If you are practicing good daily oral care habits, your child is more likely to do the same. Let them watch you brush and floss your teeth. Make sure you chow them that you, too, are careful to clean all the sides of your teeth. Make sure you stress just how important quality oral care is in everyone’s life. And in addition to at-home care, make sure your child gets to the dentist once or twice yearly for a routine checkup. A child who spends time in the dentist chair grows into an adult who doesn’t harbor fears of the dentist. Call Brewer Dental Center today for all of your Pediatric Dental needs.

Benefits of using an Intraoral Camera

May 10th, 2017

There are many benefits to using an intraoral camera. The camera allows the patient to interact in their own dental checkup. In real time, the patient and the dentist view a live-feed from the camera on a screen. The camera is non-invasive, small, a similar size to a traditional dental mirror. And because of its small size, it can be placed at convenient angles to view the teeth and gums.

Your dentist at Brewer Dental Center is experienced in using his or her eye, or dental mirror, to diagnose both current and potential problems within your mouth. However, an intraoral camera can enlarge the view of the tooth many times the tooth’s actual size.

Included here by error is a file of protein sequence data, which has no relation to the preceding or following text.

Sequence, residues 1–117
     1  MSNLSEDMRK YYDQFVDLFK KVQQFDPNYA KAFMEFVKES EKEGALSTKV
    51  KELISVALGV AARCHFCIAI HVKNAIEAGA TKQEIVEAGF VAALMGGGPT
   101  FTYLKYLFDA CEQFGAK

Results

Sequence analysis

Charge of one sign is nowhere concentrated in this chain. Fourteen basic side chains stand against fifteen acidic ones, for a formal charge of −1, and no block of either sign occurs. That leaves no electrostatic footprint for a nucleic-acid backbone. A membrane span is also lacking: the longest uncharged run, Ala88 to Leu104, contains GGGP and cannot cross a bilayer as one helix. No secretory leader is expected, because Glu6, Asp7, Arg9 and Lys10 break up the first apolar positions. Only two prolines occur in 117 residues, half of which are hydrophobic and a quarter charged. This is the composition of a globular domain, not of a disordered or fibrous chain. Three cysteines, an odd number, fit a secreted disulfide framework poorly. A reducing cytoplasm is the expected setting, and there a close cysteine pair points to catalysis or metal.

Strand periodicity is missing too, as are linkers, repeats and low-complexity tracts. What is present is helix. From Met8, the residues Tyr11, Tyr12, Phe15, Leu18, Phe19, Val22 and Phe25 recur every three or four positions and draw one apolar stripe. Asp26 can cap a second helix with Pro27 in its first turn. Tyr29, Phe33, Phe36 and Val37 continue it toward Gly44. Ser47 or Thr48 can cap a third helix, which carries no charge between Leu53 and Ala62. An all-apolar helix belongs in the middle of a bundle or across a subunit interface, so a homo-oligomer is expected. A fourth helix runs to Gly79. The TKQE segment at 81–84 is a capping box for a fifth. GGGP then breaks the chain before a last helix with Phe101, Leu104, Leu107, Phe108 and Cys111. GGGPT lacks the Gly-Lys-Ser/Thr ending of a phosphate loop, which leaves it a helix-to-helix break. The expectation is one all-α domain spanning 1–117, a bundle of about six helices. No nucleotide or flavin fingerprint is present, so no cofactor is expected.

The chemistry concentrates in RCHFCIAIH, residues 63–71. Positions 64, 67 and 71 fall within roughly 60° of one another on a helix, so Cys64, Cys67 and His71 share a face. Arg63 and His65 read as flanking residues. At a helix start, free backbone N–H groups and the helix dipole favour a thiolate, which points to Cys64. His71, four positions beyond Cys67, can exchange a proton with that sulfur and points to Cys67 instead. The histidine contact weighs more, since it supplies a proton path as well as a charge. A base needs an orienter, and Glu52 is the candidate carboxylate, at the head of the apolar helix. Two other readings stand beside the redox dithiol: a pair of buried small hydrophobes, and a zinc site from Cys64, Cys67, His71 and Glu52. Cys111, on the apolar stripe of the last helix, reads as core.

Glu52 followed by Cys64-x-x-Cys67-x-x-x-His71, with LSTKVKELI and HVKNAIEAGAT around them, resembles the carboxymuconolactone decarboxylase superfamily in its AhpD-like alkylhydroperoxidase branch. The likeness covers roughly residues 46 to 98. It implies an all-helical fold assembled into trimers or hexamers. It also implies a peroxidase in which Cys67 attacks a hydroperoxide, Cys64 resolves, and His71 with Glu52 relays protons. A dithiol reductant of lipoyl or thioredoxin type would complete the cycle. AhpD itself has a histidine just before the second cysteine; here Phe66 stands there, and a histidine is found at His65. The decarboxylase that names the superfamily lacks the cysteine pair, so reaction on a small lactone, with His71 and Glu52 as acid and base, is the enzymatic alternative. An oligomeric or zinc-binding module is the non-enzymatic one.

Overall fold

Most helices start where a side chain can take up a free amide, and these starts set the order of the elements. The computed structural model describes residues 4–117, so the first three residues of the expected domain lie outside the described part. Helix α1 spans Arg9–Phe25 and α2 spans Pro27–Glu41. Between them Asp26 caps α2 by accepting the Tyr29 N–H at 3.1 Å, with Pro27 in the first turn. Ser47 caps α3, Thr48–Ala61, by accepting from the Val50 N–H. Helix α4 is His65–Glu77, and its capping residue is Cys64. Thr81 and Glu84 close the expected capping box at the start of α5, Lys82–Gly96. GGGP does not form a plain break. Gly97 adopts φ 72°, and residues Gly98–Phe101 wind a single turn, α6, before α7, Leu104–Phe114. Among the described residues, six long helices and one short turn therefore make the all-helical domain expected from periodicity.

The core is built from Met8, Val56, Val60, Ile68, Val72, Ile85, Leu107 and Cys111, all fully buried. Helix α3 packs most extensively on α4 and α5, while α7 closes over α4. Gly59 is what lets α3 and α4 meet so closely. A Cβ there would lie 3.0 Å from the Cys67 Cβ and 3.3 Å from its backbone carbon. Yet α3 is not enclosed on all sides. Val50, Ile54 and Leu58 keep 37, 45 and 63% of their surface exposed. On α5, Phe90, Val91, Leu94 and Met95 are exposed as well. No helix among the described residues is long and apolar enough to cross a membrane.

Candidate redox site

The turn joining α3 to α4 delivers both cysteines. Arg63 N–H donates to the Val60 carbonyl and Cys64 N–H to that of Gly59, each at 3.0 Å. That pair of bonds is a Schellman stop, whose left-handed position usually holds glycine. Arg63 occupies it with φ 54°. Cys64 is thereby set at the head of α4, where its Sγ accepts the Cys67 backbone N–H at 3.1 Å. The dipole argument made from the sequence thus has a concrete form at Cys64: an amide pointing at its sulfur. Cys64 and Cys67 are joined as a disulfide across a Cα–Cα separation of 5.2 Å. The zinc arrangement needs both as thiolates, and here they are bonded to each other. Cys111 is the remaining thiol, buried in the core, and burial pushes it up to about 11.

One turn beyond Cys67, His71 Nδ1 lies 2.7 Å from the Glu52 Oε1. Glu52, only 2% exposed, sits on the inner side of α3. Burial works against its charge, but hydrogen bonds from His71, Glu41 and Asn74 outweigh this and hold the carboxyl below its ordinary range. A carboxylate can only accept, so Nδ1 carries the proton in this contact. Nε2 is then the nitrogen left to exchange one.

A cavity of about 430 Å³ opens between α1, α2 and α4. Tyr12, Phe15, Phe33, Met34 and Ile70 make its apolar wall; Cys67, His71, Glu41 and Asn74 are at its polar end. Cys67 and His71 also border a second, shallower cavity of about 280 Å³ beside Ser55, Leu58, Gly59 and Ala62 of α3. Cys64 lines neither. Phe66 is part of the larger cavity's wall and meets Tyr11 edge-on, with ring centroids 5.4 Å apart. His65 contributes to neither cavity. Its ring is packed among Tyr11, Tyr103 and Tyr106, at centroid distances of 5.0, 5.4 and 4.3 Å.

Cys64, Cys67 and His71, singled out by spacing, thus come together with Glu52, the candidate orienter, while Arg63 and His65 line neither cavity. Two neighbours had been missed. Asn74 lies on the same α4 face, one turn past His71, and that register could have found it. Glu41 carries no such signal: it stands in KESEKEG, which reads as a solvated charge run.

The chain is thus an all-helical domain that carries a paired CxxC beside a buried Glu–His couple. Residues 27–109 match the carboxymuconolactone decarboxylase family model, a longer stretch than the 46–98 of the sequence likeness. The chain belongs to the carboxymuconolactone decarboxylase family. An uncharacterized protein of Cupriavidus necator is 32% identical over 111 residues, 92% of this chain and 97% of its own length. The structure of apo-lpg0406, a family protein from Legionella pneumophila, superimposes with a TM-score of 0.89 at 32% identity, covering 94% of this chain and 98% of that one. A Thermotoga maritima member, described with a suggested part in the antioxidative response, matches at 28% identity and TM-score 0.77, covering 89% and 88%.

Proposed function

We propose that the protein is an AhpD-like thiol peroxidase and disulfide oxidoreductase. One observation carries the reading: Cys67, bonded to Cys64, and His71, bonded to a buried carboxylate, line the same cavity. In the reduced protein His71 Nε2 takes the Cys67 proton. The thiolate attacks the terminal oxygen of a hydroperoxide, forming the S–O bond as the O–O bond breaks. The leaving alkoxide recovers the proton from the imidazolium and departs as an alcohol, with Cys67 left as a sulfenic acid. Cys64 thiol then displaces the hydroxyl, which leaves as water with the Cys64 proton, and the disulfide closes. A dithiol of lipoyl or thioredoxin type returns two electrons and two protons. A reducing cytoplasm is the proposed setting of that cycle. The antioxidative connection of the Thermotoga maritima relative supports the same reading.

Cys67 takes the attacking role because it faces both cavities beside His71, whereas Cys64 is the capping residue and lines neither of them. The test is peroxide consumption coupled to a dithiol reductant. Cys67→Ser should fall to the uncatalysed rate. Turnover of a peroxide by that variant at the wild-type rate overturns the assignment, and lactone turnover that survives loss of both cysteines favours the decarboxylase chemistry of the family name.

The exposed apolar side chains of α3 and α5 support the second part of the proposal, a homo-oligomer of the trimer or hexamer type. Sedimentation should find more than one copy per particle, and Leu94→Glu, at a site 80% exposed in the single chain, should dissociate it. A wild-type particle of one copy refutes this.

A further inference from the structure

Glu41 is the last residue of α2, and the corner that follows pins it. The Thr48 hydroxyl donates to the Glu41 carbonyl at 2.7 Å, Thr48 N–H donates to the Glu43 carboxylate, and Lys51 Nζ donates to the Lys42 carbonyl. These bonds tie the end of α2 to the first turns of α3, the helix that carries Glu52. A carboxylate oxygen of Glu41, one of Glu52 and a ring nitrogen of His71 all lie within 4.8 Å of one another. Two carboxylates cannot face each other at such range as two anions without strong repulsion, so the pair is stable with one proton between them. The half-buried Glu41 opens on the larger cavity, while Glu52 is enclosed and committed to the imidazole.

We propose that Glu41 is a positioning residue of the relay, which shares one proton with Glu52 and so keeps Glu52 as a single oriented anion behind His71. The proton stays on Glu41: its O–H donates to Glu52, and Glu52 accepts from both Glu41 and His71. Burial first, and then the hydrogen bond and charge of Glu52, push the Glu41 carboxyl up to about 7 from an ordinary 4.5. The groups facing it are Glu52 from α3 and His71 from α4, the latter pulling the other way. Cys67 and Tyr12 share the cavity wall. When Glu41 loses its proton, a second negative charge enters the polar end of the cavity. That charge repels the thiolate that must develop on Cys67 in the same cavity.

Obviously, this allows the dentist to see problems that are not so easily seen, even with the most experienced eye. Oral disease, such as gingivitis and periodontal disease, often go undiagnosed, without symptom, especially in the earliest stages. But with the intraoral camera, your dentist may be better able to determine early signs of the disease well-before it’s apparent.

Patient Interaction

The intraoral camera also provides a visual education as to the inherent problems within a patient’s mouth. The camera’s live-feed provides an up-close view of oral disease, plaque, etc. But the camera also shows the potential trouble areas within a person’s mouth, areas that could benefit from better at-home, routine oral care.

Your family dentist can also pause the camera, take stills that concentrate on problem areas, and your dentist can show you the possible treatment options. Being able to take photos and video also keeps your dental record up-to-date, and your dentist can easily document any progressions. For years, your dentist can track your dental health, seeing potential problems long before they become chronic issues.

Chances are if you have made your twice-yearly visits to Brewer Dental, you have seen the intraoral camera in action. If you have never experienced this level of interaction at a dentist’s office and would like to, then make an appointment with Brewer Dental today. And remember to brush your teeth twice daily and floss at least once!